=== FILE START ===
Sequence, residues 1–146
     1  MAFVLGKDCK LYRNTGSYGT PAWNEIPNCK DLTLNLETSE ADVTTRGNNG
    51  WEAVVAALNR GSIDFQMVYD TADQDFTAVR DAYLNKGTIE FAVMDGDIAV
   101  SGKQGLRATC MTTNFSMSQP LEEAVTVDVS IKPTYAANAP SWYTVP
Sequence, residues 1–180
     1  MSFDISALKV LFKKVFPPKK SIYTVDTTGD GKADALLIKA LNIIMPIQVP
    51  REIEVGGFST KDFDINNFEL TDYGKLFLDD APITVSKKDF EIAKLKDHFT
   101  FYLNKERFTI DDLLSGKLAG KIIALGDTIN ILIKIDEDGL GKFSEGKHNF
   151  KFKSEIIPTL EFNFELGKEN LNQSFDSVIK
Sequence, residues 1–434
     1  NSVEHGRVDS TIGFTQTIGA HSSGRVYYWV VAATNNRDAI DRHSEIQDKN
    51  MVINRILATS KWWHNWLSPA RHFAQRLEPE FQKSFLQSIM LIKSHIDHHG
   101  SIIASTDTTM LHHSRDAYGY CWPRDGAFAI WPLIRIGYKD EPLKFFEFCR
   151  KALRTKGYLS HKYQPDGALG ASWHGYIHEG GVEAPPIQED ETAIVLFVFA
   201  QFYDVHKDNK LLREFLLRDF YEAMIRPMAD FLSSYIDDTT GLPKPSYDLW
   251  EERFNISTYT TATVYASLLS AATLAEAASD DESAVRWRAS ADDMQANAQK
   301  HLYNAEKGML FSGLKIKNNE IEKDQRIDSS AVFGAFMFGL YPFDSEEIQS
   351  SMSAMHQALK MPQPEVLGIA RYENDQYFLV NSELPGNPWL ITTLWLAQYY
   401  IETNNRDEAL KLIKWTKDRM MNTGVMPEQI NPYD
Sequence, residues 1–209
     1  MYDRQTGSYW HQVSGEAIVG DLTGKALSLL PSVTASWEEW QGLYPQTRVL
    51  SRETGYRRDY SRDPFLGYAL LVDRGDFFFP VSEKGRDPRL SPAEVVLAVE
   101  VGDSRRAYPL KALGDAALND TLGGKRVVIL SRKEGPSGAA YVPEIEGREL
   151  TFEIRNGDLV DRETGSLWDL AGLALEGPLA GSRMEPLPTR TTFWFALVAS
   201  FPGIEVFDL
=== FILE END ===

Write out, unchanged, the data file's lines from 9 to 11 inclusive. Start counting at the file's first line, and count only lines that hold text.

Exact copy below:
   151  KFKSEIIPTL EFNFELGKEN LNQSFDSVIK
Sequence, residues 1–434
     1  NSVEHGRVDS TIGFTQTIGA HSSGRVYYWV VAATNNRDAI DRHSEIQDKN